erosion of his fan base. ... But that prompts the question:
         What fan base?"  Noting the attendance "woes" of both the
         A's and Giants, Ringolsby asks, "Could a realignment that
         puts them both in the NL do any further harm? ... [B]y the
         turn of the century only one team will remain in the Bay
         Area.  The Giants' plan for a new stadium makes them the
         favorite ... Magowan is so blinded by the red ink of the
         present that he can't see what is needed for a rose-colored
         future" (ROCKY MOUNTAIN NEWS, 9/16).

    Print | Tags: Anheuser Busch, Leagues and Governing Bodies, MLB, Oakland Athletics

              CBA: CBA Commissioner Steve Patterson has "made it
         known" that his league "would be shifting its focus,"
         according to Michael Arace of the HARTFORD COURANT.  Arace:
         "The CBA wants bad students who can fill it up" (HARTFORD
         COURANT, 9/14).  NBA Kings GM Jerry Reynolds: "It sounds
         like the CBA is getting pretty desperate.  The league is
         struggling as it is, and to go get guys out of high school
         and pay them a lot more money than they've been paying
         regular players doesn't make sense" (STAR-TELEGRAM, 9/13).
              MLS: With "pathetic attendance figures" in Denver,
         K.C., Dallas, and "lately" L.A., "it all adds up to dark
         storm clouds on the horizon" for MLS, according to Grahame
         Jones on ESPN SportsZone.  But Jones points to the well-
         attended World Cup qualifying game in Portland earlier this
         month and writes, "Something dramatic needs to be done.  A
         statement needs to be made.  A three-way agreement between
         MLS, the city of Portland and Nike would be such a
         statement. ... Soccer should concentrate its efforts in
         areas where it is strongest instead of trying to blanket the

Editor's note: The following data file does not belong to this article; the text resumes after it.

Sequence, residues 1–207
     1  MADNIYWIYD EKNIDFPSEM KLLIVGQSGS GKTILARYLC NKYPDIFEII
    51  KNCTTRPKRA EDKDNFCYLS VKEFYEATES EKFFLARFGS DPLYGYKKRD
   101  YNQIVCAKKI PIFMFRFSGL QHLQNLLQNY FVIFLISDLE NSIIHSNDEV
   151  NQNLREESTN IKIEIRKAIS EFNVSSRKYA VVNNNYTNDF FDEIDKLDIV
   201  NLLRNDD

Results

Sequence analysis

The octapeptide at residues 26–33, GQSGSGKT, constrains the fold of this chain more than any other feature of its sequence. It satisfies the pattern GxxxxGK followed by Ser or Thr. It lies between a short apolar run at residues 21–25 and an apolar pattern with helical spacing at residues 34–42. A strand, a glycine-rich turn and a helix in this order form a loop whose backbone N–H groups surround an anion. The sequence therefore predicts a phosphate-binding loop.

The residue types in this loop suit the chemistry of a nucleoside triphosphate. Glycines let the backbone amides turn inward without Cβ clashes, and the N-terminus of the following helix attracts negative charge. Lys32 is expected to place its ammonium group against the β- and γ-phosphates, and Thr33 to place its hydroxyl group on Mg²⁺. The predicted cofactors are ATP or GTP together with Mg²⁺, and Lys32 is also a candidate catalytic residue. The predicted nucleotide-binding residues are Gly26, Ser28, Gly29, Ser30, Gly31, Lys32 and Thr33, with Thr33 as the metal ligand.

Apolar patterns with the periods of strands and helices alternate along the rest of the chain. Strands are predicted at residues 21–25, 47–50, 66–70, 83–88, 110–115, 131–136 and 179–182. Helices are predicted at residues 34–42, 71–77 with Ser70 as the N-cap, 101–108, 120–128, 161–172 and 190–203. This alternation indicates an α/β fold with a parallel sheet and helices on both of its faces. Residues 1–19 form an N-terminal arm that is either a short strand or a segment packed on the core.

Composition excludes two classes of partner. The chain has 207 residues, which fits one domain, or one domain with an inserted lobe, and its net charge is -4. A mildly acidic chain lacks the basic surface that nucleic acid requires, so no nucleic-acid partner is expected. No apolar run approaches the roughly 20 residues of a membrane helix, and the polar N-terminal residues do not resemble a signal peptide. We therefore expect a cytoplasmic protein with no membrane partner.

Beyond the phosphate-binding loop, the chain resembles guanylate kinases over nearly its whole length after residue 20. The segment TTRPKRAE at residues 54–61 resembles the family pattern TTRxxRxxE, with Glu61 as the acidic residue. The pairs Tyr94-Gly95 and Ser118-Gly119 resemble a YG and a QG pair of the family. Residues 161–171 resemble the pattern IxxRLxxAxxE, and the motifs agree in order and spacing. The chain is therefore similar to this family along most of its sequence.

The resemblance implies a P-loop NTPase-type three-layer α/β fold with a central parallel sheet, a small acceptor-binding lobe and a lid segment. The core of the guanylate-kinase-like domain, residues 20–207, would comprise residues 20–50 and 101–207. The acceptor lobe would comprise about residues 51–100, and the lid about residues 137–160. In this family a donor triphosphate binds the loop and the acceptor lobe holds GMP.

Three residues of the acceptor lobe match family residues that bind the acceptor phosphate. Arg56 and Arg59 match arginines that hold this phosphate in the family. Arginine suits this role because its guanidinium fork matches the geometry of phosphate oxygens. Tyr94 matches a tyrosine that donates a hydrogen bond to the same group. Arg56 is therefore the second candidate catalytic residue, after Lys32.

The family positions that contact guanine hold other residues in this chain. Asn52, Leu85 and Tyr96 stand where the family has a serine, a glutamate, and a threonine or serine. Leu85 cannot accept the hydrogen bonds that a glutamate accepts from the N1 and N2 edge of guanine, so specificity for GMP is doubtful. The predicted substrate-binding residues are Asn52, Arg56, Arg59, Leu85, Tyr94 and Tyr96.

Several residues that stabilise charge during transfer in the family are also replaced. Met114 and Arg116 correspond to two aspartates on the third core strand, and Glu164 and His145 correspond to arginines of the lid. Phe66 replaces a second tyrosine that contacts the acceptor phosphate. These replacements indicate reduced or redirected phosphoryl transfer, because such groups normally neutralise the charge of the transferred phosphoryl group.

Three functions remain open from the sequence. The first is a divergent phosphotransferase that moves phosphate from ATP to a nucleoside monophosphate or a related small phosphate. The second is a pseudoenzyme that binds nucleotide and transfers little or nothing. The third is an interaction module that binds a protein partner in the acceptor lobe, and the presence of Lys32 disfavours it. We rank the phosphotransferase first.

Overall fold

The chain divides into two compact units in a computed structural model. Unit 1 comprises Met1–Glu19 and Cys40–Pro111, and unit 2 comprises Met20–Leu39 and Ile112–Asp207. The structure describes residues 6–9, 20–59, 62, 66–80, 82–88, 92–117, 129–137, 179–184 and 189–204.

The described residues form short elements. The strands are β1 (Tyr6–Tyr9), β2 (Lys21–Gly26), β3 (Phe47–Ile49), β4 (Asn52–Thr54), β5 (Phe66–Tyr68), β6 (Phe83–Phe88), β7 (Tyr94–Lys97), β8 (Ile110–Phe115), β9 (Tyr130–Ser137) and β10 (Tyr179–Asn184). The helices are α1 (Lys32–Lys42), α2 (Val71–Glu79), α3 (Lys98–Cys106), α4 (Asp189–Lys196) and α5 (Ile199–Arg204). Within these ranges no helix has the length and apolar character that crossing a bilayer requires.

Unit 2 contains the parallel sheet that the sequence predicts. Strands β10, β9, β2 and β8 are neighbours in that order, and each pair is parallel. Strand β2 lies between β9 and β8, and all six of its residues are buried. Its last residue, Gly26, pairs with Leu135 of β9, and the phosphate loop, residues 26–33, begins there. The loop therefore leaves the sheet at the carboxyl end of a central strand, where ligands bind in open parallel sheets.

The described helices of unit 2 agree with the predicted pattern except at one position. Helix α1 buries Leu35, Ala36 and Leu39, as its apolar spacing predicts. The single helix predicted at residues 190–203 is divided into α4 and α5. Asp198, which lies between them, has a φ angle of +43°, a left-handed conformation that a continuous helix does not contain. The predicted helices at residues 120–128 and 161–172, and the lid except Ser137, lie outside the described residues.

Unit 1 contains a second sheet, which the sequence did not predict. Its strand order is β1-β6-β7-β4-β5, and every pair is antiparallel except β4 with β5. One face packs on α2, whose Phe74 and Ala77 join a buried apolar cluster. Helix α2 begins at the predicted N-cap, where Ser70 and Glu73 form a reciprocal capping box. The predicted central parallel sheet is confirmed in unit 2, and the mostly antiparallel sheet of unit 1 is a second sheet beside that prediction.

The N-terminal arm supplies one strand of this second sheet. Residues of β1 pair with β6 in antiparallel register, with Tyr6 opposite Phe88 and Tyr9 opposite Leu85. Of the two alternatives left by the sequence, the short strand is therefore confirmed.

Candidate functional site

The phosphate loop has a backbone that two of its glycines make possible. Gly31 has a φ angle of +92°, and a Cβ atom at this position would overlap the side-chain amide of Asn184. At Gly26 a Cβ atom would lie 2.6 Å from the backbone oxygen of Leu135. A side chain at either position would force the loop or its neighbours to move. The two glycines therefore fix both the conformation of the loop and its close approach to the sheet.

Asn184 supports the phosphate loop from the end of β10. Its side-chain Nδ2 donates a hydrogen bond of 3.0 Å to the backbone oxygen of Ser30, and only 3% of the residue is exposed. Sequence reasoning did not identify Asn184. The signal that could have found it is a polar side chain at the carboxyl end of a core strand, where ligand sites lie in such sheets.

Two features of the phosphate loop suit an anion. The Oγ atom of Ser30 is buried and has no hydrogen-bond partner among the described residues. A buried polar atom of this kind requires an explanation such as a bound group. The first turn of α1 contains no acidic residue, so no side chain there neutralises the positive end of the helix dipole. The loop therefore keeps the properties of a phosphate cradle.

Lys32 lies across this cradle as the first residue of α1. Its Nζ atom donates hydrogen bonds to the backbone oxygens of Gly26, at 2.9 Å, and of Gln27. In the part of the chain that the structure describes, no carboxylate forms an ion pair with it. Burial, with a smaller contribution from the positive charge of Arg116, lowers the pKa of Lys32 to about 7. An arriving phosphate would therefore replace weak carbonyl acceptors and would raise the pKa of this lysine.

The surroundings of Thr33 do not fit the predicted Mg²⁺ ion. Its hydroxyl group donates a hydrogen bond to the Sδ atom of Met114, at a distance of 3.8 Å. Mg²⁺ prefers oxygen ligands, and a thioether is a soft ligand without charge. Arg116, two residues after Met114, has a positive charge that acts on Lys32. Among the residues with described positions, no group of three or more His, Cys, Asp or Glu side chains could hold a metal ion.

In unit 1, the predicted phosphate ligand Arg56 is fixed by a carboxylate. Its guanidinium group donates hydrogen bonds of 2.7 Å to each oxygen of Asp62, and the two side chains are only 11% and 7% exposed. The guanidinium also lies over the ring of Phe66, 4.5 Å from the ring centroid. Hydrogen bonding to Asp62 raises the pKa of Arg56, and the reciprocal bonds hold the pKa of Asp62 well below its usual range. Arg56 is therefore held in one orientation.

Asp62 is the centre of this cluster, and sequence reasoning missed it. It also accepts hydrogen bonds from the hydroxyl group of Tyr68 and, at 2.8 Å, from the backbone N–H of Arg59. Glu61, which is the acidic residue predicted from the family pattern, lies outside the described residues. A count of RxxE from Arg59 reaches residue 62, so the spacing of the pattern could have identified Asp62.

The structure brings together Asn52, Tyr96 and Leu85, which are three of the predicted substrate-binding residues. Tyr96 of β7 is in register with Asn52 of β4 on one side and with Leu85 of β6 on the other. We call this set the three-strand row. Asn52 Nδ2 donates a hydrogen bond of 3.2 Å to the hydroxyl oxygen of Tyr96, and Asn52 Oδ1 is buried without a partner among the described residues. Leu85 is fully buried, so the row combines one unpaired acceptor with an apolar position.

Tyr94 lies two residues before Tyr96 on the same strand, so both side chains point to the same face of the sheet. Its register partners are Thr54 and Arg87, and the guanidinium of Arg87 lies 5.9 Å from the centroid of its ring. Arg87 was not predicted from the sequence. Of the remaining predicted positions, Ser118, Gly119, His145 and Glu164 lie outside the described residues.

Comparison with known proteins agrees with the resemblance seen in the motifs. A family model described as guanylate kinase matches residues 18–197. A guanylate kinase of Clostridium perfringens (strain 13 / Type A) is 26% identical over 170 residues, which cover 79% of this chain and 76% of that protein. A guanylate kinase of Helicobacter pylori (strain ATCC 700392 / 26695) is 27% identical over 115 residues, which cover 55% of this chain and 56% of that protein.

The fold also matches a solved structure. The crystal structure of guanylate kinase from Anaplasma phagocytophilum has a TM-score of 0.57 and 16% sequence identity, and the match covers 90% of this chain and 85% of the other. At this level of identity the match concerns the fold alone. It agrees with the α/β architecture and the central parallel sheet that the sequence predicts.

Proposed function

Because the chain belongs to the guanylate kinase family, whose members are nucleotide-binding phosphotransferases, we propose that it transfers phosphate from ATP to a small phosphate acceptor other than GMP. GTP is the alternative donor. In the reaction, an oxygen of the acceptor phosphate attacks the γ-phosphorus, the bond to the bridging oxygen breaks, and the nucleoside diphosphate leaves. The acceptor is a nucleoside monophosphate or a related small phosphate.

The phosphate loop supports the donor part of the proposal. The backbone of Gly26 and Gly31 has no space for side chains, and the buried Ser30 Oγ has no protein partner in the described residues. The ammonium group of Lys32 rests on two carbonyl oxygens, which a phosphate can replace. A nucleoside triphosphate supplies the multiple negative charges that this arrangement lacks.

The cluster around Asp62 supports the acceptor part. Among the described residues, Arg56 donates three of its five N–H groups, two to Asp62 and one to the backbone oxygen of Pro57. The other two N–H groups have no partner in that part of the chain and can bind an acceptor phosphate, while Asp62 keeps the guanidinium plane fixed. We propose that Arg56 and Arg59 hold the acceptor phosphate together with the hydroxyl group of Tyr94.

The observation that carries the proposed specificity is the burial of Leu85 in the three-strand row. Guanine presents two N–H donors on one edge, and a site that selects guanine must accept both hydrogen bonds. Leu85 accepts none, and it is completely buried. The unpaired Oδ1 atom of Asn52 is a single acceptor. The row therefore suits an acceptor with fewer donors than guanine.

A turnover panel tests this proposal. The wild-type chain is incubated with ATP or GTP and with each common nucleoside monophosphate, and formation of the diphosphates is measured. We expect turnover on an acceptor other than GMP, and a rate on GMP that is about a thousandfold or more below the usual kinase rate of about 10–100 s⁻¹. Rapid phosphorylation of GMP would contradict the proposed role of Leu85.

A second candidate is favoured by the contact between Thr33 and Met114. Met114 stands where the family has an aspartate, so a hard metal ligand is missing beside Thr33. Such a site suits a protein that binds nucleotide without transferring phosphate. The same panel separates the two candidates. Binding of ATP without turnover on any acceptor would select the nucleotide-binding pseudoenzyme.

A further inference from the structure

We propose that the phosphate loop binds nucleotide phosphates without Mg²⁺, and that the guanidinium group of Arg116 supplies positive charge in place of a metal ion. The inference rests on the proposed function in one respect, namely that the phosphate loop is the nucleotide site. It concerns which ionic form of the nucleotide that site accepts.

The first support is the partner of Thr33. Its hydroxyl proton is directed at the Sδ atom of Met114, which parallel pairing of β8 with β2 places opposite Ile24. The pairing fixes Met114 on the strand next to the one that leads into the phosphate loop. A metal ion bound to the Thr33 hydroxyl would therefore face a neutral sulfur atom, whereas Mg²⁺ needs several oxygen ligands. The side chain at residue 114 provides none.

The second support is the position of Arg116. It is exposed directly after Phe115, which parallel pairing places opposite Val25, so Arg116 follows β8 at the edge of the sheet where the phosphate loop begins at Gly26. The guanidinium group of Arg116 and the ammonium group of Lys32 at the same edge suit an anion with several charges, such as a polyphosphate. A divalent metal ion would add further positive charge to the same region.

country.  Portland could be a model" (SportsZone, 9/14).

    Print | Tags: ESPN, Leagues and Governing Bodies, MLS, Nike, Sacramento Kings, Walt Disney

              The NHL announced that the '98 All-Star Game will
         feature a new format with the North American All-Stars
         playing the World All-Stars.  The international game will be
         played on Sunday, January 18, at GM Place in Vancouver. 
         Players from the U.S. and Canada will represent the North
         American team and will face the top players from the rest of
         the world.  All-Star balloting in Canada is sponsored by
         McDonald's and by Russell Athletic in the U.S.  The New
         Dodge is presenting sponsor throughout North America (NHL). 
         In Toronto, Neil Campbell reports that the new format,
         reflecting the international theme of the season, "will
         likely be a one-year wonder."  NHL Senior VP Steve Solomon:
         "We're looking at a one-year event" (GLOBE & MAIL, 9/16).  
              OLYMPIC EFFORT: NHL participation in the Olympics and
         the efforts of Commissioner Gary Bettman, NHLPA Exec Dir Bob
         Goodenow and IIHF President Rene Fasel to gain approval for
         the plan, are featured by Joe Lapointe of the N.Y. TIMES
         under the header, "The N.H.L.'s Olympic Gamble: Stars
         Participation in Nagano Could Raise Sport's Profile." 
         Lapointe: "When the Olympics arrive, the league will shut
         down for 17 days, an unprecedented hiatus that entails
         numerous calculated business risks.  With the Olympic hockey
         games regulated to late-night [TV], with the national teams
         hastily thrown together, and with the fans back home without
         their regular N.H.L. teams to follow, the whole plan could
         backfire and be remembered as another slip on the ice for a
         sport that never seems to find as broad an audience in the
         United States as its big-league competition."  Bettman:
         "We're going to get exposure like the world has never seen
         for hockey.  This is about 120-plus of the world's elite
         hockey players playing for pride and playing for their
         countries.  It will give us a tournament of high magnitude. 
         It will be quite compelling" (N.Y. TIMES, 9/16). 
              NOTES: In N.Y., Larry Brooks wrote about "rumors that
         the league is attempting to apply some pressure on Disney"
         to sign holdout Paul Kariya of the Mighty Ducks "in order to
         ensure that he'll be with" the team when it opens a two-game
         series in Tokyo.  Brooks: "[W]e discount the veracity of
         those reports. Disney is in the business of applying
         pressure, not receiving it" (N.Y. POST, 9/14).  In Toronto,
         Damien Cox interviews Bettman on a number of league issues,
         including the Kariya talks.  Bettman: "The league doesn't
         get involved in individual player-club negotiations.  But as
         a practical matter, no particular players were promised, and
         the games are sold out anyway" (TORONTO STAR, 9/16).

    Print | Tags: Anaheim Ducks, Dallas Stars, Leagues and Governing Bodies, McDonalds, NHL, Canucks Sports and Entertainment, Walt Disney